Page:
An exception is made for split fins or bruises judged to be caused during transportation.
Third, is the importance of body conformation.
Broad, thick body shape of female koi is preferred giving an
imposing appearance when compared to the thin trout shaped body of a male koi.
Shape and size of the fins are important to be in proportion to the body.
The head shape is important that it not be too short or too long or turn to one side.
The koi when viewed from above should be symmetrical on both sides and not have one side flatter than the other.
Even the way a koi swims is taken into account on conformation.
Not all female koi hold their eggs well, which could affect conformation.
Fourth, in my opinion is quality of skin and deep, vibrant colors, which makes koi “living jewels”.
This also includes how well the koi is “finished”, are all of the colors up, and is there a good sheen on the skin.
It is conformation and quality that will catch a Judges eye from a distance.
Fifth is pattern that is artistically balanced and not front, tail or side heavy.
Pattern must also be proportional to the size of the koi and not have
a small pattern on a huge body or a huge pattern on a small body.
Last is uniqueness or character usually of the pattern on the head that makes this koi special.
Now for Kohaku.
We have a snow white (shiro) base color with a red (hi) pattern. The pattern may be stepped or continuous. The white must be without blemish or yellow tint.
The hi may be any one of the many hues from deep persimmon
orange to Ferrari red but the red must be thick without any thin
spots and the pattern must be the same color from head to tail.
Some Judges prefer the persimmon orange hi to the Ferrari red
because the orange appears soft and the purple red appears hard and gaudy.
Kohaku must have red pattern on the head.
The pattern on the body must be artistically balanced and the kiwa
or rear edges of each spot must be sharp like cut with a razor.
A new bias in Japan has started to favor bloodlines that have the
kiwa stop at the edge of each scale forming a scalloped edge rather
than a straight edge across the center of a scale.
The front edge of each spot (not on the head) may have blurred red color that is called “sashi” or insertion.
Sashi indicates the koi is still improving in quality and is not finished yet.
It is elegant if a Kohaku has a white nose and a white area with no
red pattern just in front of the tail called a “tail stop” and several other names.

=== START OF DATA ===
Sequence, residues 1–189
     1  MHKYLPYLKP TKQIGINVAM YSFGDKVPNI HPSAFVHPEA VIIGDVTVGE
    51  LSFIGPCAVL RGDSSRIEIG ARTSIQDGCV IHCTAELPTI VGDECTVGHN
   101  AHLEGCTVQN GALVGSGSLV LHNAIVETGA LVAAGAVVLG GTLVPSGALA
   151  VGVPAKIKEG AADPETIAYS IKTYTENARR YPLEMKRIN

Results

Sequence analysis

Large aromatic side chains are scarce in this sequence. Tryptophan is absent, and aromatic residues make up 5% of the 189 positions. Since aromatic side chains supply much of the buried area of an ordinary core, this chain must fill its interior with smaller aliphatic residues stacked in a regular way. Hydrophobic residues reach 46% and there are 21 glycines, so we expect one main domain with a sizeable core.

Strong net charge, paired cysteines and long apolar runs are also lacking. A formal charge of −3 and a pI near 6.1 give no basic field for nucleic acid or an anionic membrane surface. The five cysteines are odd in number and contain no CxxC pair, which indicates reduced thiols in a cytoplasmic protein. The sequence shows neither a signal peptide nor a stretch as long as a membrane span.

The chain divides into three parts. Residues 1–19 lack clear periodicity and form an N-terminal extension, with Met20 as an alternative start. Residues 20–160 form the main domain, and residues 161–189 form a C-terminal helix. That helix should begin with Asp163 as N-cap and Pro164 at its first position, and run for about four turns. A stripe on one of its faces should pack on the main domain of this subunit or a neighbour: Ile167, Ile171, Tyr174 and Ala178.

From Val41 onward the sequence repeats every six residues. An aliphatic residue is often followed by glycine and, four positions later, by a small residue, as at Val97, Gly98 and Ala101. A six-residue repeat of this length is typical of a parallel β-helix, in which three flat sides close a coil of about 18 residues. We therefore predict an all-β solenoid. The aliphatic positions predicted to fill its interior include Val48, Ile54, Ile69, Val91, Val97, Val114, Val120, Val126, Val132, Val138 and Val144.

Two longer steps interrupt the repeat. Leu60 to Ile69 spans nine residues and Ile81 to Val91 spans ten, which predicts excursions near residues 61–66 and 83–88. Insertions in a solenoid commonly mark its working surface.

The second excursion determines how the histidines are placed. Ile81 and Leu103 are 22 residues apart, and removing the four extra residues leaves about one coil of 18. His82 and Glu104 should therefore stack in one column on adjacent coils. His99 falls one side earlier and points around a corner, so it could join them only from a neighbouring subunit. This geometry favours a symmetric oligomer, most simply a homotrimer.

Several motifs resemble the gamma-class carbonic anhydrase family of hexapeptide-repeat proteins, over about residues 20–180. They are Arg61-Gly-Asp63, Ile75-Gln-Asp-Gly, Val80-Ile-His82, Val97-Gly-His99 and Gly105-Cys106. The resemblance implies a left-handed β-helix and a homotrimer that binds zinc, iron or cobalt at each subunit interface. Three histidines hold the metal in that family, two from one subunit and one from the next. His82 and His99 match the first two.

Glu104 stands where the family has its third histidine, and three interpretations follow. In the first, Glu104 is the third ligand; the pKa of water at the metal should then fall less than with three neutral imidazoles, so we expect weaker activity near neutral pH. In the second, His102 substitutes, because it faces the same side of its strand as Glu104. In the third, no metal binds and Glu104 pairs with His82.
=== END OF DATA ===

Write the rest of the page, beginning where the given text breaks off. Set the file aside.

Some subtleties of pattern not liked are a totally red head or red
down the face to the nose that are heavy in appearance.
Red pattern wrapping below the lateral line suggests a future koi
when the red and white are better balanced.
Red spots below the lateral line are disliked. The lateral line is a raised sensory organ running the full length of a koi half way up the side of a koi.
A red head pattern with an additional red lip mark is called
“kuchibeni” and can be cute if it balances the overall pattern.
Red pattern at the base of the pectoral fin was considered
unfavorable but is being accepted now if it adds to the overall balance of the pattern.
Red into the tail or into the dorsal fin is still disliked.
Kohaku tend to get black specks “shimis” in hard water with high pH.
There are fourteen different varieties of Koi, with a fifteenth variety
that is used as a sort of a catchall variety for all of the different
types of koi that do not quite fit into one of the other fourteen slots.This last variety is known as the Kawarimono, and a large percentage of Koi are placed in this category.Inclusion in this variety has no bearing on the quality of the Koi.Placement in the fifteenth variety simply means that there is
something not quite right about the fish.It may be attractive and healthy, but it does not fit the “breed standard” for any of the individual varieties.All Koi have a unique beauty, but those who are entered in shows must resemble this standard.Crossbreeding For Different VarietiesThe many different color varieties that you will see were brought to
fruition by crossbreeding fish that are closely related to each other.Crossbreeding tends to make a genetic line more stable, bringing
out the good qualities while pushing back the bad.Those who are preparing to be Koi breeders are advised to learn
about the different types of koiv arieties so that they will know